(CNN) -- Ah, Valentine's Day! That time of the year when the pressure's on to show you really, really care.
Eight million Americans have sent themselves a gift on Valentine's Day, a survey says.
What started out as essentially a Christian holiday is now celebrated the world over -- with unique local twists and, sometimes, amid much resistance from hard-liners who want to defend traditional values from "Westernization."
Here's a sampling of how the big day is being celebrated worldwide. Valentine, the patron saint of lovers, would be proud:
Big in Japan: Bugs!
A hot item in Japan this Valentine's Day? Edible chocolate creepy-crawlies made to look like real beetle larvae and caterpillars.
The confections are flying off the shelves, with buyers traveling an hour out of their way to get their hands on some.
In Japan, February 14 is a day when women buy gifts for their men. And that may help explain why odd and unusual gifts are so appealing, said CNN's Kyung Lah. Watch women in Japan shop for gifts »
When you want to say 'I do(n't)'
A northeastern province in Thailand has decided to turn away any couple who wants to file for divorce on Valentine's Day.
"If a married couple shows up for a divorce, we will recommend they go back home and talk to clear up any misunderstanding. That may rekindle their love," Suthep Pimpirat, assistant district chief of Roi Et, told Bangkok's The Nation newspaper Wednesday.
On the other side of the world, a Charleston, West Virginia, classic rock radio station is giving away a free divorce.
WKLC-FM, better known as Rock 105, is accepting applications on its Web site and has retained an attorney who will handle the actual filing.
Can't buy me love
Worried about the economy, South Koreans are passing on expensive chocolates this Valentine's Day in favor of cheap candy from China.
Imports of pricey chocolates from Switzerland and Italy -- "an icon of Valentine's Day presents" -- has fallen sharply, the Korea Times said Wednesday. Candy from China, however, showed a 20 percent growth, the newspaper said.
One is a lonely number
The flowers on the front desk might not be from a significant other. Eight million Americans have sent themselves a gift on Valentine's Day, according to a survey released this month.
The telephone poll of 1,000 Americans, conducted by the marketing technology company Bill Me Later and surveyors Ipsos Insight, also found 6 million people have broken up with someone on February 14.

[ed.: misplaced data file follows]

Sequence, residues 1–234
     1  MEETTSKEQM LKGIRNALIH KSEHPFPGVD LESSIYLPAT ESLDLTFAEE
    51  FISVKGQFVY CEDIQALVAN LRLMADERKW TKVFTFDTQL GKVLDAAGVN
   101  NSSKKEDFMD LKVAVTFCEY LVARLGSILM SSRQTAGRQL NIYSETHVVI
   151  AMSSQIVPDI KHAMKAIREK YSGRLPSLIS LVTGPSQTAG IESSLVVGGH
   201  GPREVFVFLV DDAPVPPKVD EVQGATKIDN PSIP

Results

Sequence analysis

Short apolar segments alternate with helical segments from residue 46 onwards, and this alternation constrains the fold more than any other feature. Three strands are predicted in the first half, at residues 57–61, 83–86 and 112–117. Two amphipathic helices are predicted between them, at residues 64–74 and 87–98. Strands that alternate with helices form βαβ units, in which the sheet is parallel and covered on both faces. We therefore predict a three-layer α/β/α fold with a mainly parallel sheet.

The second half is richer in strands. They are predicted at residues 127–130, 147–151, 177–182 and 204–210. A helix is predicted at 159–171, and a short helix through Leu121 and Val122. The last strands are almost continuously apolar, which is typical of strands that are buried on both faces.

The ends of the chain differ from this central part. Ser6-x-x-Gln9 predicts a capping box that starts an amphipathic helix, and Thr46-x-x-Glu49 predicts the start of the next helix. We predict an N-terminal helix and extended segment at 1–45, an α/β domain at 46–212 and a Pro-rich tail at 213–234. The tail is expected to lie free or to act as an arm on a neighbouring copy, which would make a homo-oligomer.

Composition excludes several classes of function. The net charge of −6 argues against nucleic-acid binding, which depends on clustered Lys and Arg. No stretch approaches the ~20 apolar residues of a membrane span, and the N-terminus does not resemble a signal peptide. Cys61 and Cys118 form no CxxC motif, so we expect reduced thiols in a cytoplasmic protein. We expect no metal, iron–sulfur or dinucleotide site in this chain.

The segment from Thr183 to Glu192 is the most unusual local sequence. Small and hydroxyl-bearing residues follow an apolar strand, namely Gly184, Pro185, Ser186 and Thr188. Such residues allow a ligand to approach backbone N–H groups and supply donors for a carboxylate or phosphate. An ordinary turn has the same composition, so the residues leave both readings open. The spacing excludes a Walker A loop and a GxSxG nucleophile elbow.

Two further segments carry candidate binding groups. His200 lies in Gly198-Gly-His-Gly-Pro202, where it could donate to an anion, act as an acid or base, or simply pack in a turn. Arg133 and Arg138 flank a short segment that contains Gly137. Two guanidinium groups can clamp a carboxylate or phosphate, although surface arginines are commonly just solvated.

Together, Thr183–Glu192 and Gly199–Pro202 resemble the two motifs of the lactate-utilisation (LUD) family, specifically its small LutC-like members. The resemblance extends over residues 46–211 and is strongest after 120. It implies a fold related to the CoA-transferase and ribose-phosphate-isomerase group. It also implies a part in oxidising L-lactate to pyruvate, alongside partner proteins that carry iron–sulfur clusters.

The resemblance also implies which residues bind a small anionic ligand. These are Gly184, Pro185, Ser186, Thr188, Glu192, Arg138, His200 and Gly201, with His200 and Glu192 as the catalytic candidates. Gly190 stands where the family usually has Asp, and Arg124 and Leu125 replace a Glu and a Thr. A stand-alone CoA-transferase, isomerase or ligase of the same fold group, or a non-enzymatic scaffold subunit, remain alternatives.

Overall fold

When it comes to matters of the heart, many in South Africa believe some "muti" will help if you're lonely, lovesick or simply looking for a bit of fun, reports CNN's Robyn Curnow.
More than 80 percent of Africans use traditional medicine and herbal remedies, according to the World Health Organization. And traditional healers say they can make up to $28 for a love remedy. Watch Curnow visit potion sellers »
The medicine men say the herbs, barks and plants can help make a husband respect his wife or an uninterested neighbor fall head over heels in love. If you want to cut to the chase, the healers can mix up an African version of Viagra, named "Bangalala."
"I become beautiful. People love me. Ladies love me. Just perfect," a happy customer, Mpho Tshisaphungo, told CNN.
Every move you make, I'll be watching you
A hard-line Hindu political party has said it will have members patrol the central Indian city of Indore to ensure that couples don't engage in "any kind of vulgar display of their love" on February 14.
The Shiv Sena group said it will focus on botanical gardens and art galleries, among other places, and "if any youth was found to be teasing girls and offering them flowers or cards under pressure, his face will be blackened," the Central Chronicle newspaper reported.
You don't bring me (red) flowers
Gift shops and florists in Saudi Arabia have removed red items from their inventory until after Valentine's Day, because the country considers the celebration of such a holiday a sin.
Four years ago, the Grand Mufti -- the highest religious official -- restated a previously issued decree that declared Valentine's Day a "pagan Christian holiday" that could not be celebrated publicly, according to the U.S. State Department.
"Around Valentine's Day, there are two things the religious police concentrate on," one florist told CNN this week. "Standard gifts that people give to each other on Valentine's Day, and sweets. Anything to do with red wrapping paper or red boxes, heart-shaped in particular, will get the retailer in trouble."
A diplomat in Riyadh told CNN: "If you look at one of the major hotels, The Four Seasons for example, last week all the roses in the lobby were red. This week they are yellow."
E-mail that steals more than your heart
Be wary of virtual greeting cards that proclaim undying love showing up in your e-mail inbox on February 14.
The FBI said the e-card actually could be the Storm Worm virus. Once you click on a link to retrieve the card, the virus downloads on to your computer hard drive and infects it -- kind of like the cyber equivalent of a sexually transmitted disease. E-mail to a friend